He had developed himself into one of the league’s best hitters while with the Rangers.
However, inner demons continued to pull him back down.
Constant mistakes and battles with substance abuse cut down what was once a promising career.
Because of this, Hamilton is a sore memory for fans that were captivated by how good of a player he was.
The First Act
Hamilton was the first overall pick in the 1999 draft by the Tampa Bay Devil Rays.
Twenty one years ago I went to North Carolina to profile a kid named Josh Hamilton—the expected No. 1 pick in the baseball draft. He was quiet, humble, gifted. pic.twitter.com/kecbvC9gBH
— Jeff Pearlman (@jeffpearlman) June 11, 2020
However, he spent a long time in the minors with many twists and turns.
After dealing with injuries over his first few seasons, Hamilton was suspended for substance abuse in 2004.
His addiction to cocaine continued even though he had been put into a substance abuse facility by the MLB.
In October 2005, he reached the low point of his cocaine use as he woke up naked on his grandmother’s porch.
He elected to make an effort to correct his past mistakes and get the help he needed.
The damage had already been done to both his reputation and development at that time.
Because of injuries and suspensions, Hamilton missed the 2003, 2004 and 2005 minor league seasons.
Finally, in 2007, the Cincinnati Reds took a chance with the outfielder who was once ranked as the best minor league prospect.
Success When Hamilton Was Clean
At this point, Hamilton finally began getting his act together.
He played 90 games with the Reds that season, where he hit .292 with 19 home runs.
That offseason, he was traded to the Rangers where he was able to lock up the team’s starting centerfielder job with a great spring.
He broke onto the scene that season, hitting .304 with 32 home runs and a league-leading 130 RBIs.
This earned him an All-Star appearance and a Silver Slugger Award.
He also put on an amazing performance in the Home Run Derby, hitting the most ever in one round with 28.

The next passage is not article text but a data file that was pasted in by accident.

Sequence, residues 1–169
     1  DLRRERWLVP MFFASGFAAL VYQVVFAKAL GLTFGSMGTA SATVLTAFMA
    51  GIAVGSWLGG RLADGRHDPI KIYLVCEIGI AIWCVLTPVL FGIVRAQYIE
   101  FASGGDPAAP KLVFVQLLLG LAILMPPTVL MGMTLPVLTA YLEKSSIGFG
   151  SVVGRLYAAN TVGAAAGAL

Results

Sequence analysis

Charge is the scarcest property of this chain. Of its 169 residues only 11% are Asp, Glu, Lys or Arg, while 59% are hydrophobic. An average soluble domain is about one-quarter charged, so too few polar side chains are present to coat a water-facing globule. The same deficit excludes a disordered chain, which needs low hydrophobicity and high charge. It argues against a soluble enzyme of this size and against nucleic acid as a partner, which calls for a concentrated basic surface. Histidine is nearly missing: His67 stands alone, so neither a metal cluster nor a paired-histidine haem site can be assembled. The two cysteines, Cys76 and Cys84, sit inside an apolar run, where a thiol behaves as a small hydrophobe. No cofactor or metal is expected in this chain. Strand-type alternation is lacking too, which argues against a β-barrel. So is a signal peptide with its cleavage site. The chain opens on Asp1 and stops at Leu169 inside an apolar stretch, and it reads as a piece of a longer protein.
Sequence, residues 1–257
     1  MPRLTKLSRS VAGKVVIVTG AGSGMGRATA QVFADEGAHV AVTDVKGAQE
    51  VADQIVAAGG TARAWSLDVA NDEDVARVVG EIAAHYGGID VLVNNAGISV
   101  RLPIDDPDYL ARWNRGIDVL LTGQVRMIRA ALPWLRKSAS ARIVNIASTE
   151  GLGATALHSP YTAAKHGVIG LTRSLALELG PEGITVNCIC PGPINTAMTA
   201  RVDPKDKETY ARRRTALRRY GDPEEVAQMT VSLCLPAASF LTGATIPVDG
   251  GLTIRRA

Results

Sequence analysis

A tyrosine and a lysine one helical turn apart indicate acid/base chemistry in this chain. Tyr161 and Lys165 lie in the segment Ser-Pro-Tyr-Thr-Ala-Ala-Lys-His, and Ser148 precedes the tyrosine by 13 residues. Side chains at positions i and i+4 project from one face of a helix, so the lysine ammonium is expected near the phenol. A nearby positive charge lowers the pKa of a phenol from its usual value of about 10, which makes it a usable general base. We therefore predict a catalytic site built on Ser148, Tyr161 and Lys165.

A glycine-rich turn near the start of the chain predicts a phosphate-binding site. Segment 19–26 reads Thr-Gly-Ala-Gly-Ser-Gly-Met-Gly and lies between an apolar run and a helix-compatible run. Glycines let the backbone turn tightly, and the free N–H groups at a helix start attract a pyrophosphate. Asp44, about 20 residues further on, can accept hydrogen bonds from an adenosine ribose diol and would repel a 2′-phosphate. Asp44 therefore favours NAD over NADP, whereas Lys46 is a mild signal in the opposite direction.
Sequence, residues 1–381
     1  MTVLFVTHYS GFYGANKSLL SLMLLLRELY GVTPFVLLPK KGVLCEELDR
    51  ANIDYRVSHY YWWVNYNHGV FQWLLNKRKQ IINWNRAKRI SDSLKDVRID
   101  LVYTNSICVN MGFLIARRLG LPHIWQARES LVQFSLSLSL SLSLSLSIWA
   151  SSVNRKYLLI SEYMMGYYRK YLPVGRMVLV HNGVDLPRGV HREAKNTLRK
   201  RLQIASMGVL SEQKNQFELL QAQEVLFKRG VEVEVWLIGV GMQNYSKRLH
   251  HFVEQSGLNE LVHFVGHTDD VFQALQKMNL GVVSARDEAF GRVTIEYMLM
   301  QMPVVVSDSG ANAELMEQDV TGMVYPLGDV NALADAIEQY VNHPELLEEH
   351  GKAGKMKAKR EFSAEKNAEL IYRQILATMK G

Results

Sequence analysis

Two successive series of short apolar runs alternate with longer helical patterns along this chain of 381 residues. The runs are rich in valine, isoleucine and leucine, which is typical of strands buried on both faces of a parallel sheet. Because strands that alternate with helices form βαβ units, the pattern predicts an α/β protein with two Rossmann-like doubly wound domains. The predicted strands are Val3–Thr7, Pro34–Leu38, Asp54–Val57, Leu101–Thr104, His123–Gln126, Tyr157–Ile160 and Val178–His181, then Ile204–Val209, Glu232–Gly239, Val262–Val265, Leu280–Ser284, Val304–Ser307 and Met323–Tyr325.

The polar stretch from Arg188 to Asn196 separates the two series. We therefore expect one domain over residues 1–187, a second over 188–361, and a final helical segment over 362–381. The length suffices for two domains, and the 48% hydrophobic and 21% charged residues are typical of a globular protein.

Josh Hamilton put on one of the best performances in HR Derby history back in 2008 🔥 pic.twitter.com/Wdu4sZRGtO
— ESPN (@espn) July 6, 2019
Seven of them also went further than 500 feet.
In 2009, he was once again voted to the All-Star game even though he had an injury-hampered season.
It was 2010, however, that Hamilton truly made a name for himself.
During that season, he led the league in batting average with a .359 mark including 24 three-hit games.
He also finished with 32 home runs and 100 RBIs, even though he missed 29 games due to injury.
After another solid season in 2011, Hamilton had an outstanding year in 2012.
He tallied 43 home runs, including four in one game against the Baltimore Orioles.
#OTD in 2012, Josh Hamilton had a 4-homer game.
He’s also the only player in AL history to tally 18 total bases in a game. pic.twitter.com/7UOgKEAJZ3
— MLB Stats (@MLBStats) May 8, 2019
The following offseason, he signed a 5-year, $125 million contract with the Los Angeles Angels.
This would prove to start the downfall of his career.
The Hamilton Relapse
In 2013 and 2014, Hamilton did not live up to the large contract he signed.
This turned the Angels’ fans and ownership against him.
Before the 2015 season, Hamilton underwent shoulder surgery during which he relapsed into his drug addiction.
He voluntary told the MLB this and was not suspended, but the Angels wanted to distance themselves from the outfielder.
The Angels traded him to the Rangers in April where he rejoined the team.
While he was able to play the rest of the 2015 season, injuries in both 2016 and 2017 ultimately ended his career and pushed him out of the game.
Unfortunately, this was not the end of Hamilton’s struggles off the field.
In October of 2019, Hamilton was arrested for assaulting his daughter.
Because of the charge, he now faces two to 10 years in prison, a stark fall from grace for a former MVP.
Hamilton’s career is a sad example of how addiction can force the downfall of a person’s livelihood.
He went from being the best prospect, to nearly being forced out of the sport, to being an MVP and now to facing jail time.
Who knows how much potential he could have had in the sport, all if he had just managed to stay clean.